Protecting your assets from the rising cost of care fees
Financial planning for long term care costs is something that we should all take very seriously. It could affect us all and it is a far greater potential threat to your estate than inheritance tax.
The amount the state makes you pay towards your care depends on what you own. For many people, making a gift of the family home prior to death is away to protect the family home for their children.
Are you thinking about gifting your home?
Your home is your most important and often most valuable asset. Before deciding to proceed you should take legal advice on all the implications, as it may not be possible to reverse should you later change your mind.
Before making any decision to gift it, have you considered the following issues?
- Maintaining your right of occupation so you do not risk being forced to leave your own home.
- Whether any gift should be outright or to a trust.
- What are the tax implications in respect of Capital Gains Tax, Inheritance Tax, Income Tax, Stamp Duty and Pre-owned Assets Tax for either the person giving away the house or the relative receiving the house?
- What happens if the relative falls out with you or they are influenced by others? You may think it unlikely, but things can change.
- What happens if the relative dies before you gets divorced or becomes bankrupt? There is a risk of a third party having a claim on your home.
- The gift may affect the relative’s own entitlement to means tested benefits.
- Any gift may not result in the house being outside of any means test for the payment of long term care fees as there are anti-avoidance provisions that may mean the authorities challenge the gift.
Assuming that you have considered all of the issues and you wish to proceed with a gift of your home then you can either make an outright gift or you can make the gift to a trust. A trust is a legal relationship, the details of which are set out in a trust deed. The trust assets (which will be your home) are held by trustees for the benefit of the beneficiaries specified in the trust deed.
You will be one of the beneficiaries, which means you will be able to guarantee your right of occupation for as long as you wish. The trustees will become the legal owners of the property and the title of the property will be transferred into their names.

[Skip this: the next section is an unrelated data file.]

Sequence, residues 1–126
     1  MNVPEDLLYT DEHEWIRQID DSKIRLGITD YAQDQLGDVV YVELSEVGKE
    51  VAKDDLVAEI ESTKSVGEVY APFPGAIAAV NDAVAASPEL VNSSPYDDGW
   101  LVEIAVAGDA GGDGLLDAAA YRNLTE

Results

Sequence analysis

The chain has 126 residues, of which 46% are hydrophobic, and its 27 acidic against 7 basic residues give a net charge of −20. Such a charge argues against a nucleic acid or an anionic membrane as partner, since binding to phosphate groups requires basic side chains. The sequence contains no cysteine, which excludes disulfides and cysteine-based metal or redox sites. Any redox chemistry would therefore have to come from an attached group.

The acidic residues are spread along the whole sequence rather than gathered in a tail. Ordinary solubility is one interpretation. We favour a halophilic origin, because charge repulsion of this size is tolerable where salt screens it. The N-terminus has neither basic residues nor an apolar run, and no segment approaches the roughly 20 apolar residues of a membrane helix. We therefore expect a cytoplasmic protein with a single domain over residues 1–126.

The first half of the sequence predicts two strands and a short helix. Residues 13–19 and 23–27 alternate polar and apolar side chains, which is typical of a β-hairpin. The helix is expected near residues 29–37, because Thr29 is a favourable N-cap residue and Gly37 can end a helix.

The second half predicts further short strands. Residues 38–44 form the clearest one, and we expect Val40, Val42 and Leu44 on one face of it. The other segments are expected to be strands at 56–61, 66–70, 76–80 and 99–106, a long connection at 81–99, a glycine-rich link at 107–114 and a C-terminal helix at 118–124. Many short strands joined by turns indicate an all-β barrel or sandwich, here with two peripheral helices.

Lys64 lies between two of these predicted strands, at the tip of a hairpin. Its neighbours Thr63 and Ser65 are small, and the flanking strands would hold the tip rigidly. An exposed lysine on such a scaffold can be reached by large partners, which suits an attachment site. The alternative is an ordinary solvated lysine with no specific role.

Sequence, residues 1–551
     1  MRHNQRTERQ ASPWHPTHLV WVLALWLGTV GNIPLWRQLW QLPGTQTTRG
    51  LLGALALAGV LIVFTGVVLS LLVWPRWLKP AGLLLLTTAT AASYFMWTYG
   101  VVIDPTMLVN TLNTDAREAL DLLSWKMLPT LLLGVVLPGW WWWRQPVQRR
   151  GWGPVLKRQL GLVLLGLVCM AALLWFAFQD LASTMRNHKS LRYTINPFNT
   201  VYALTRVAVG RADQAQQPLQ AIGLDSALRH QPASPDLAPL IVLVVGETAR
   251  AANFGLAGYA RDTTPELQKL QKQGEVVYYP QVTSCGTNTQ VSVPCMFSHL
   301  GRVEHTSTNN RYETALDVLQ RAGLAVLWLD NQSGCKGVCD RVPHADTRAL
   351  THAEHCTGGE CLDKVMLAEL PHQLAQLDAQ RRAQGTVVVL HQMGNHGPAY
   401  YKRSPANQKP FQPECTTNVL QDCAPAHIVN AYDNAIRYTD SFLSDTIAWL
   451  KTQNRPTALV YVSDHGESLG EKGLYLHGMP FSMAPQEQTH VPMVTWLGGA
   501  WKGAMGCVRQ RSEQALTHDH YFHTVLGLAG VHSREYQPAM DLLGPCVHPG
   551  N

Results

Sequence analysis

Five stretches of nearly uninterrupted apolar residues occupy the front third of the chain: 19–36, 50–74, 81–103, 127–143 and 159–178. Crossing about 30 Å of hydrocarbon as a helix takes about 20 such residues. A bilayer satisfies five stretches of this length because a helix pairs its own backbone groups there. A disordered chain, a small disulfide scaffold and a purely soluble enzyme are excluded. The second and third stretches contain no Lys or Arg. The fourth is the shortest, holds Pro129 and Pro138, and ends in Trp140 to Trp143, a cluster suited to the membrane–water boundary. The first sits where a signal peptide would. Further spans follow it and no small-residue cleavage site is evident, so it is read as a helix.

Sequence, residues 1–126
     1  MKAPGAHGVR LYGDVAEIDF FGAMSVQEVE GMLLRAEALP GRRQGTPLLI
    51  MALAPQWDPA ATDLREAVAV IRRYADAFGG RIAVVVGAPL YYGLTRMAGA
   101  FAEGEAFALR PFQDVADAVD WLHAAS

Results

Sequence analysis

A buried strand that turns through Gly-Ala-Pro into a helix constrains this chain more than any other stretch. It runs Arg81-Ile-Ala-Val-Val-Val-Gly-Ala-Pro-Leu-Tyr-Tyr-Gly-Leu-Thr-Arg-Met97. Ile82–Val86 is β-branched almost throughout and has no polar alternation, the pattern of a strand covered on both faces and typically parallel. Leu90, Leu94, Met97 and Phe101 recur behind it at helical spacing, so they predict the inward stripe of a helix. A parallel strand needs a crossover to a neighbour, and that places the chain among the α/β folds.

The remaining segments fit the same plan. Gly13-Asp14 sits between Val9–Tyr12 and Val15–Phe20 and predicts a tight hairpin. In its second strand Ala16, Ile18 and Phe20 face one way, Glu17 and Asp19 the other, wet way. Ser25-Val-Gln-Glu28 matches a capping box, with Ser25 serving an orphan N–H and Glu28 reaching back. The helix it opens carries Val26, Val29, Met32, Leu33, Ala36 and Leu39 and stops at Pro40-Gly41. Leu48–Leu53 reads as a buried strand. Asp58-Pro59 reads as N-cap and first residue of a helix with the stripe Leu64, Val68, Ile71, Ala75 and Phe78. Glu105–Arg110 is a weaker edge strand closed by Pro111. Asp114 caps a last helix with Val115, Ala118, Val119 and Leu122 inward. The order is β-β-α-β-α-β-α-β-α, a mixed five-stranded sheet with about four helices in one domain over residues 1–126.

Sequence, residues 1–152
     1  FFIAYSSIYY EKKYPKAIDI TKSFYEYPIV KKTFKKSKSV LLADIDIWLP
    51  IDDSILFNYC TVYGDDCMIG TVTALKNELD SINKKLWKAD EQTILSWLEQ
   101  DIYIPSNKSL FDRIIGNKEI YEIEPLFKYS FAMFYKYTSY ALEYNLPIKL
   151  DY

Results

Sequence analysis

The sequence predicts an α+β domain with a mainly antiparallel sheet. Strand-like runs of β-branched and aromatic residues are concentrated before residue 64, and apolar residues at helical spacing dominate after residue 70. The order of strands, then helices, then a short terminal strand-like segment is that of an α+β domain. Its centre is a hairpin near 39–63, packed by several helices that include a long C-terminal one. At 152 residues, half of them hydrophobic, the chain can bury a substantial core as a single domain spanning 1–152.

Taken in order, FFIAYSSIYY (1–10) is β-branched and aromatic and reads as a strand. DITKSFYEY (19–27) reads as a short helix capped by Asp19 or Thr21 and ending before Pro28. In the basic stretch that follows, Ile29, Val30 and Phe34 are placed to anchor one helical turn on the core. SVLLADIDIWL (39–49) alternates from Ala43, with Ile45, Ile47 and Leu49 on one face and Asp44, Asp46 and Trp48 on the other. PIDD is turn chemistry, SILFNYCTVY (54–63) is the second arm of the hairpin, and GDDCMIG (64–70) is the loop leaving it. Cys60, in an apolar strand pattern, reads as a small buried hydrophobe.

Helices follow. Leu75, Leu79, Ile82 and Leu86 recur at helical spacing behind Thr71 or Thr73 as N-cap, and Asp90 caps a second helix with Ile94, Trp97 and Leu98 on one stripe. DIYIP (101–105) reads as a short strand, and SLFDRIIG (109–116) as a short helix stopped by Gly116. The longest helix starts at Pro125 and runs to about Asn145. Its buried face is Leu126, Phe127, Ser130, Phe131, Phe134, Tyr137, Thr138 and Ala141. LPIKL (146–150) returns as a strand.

Why consider gifting your home?
You may decide to make a gift of a family home to provide a benefit for a family member in return for a benefit to you. For example, it may be that a child has made a financial contribution such as improvements to your home, your child may be providing care to you, or your child may agree to take on the financial responsibility for your house (e.g. insurance, upkeep, repairs, maintenance) in order that you can remain in the property should you not otherwise be able to afford to do so.
Your child may agree to take over the paperwork relating to property ownership because it is becoming too much for you to deal with. It might also be that you want to avoid any delays when you die and the trust will mean that the property could be sold before a grant of probate is obtained.
However, even if any of the above apply, it’s important to ensure your rights are protected.
If you make an outright gift then there is the risk that your children may view your home as a lump sum and be tempted, or be influenced by third parties, to try to realise the capital by whatever means. They could fall into financial difficulties of their own or become entitled to means tested benefits which would be affected by property ownership.
It is important to consider what would happen should they die before you, become divorced or bankrupt. The taxation position is important to consider as your children may have a capital gains tax liability on the sale of the property.
A trust protects against these and other issues.
Why choose Linder Myers?
We have a dedicated team of lawyers specialising in issues concerning a gift of the family home and drafting trusts.
When gifting your home or creating a family trust care needs to be taken and your overall circumstances should be considered. It is vital that specialist advice is obtained to ensure that you receive the correct legal advice and the correct action is taken. We will have an initial consultation with you and then, if you request, prepare a written advice setting out all the issues, highlighting the risks and benefits. You will then be in a position to make an informed decision as to whether you wish to proceed and, if so, on what basis. We will also set out the cost of any future work, as this depends upon the planned course of action.
We can advise you to how to make a gift but also protect your right of occupation of your property, which may otherwise be at risk because of events outside of your control.Contact us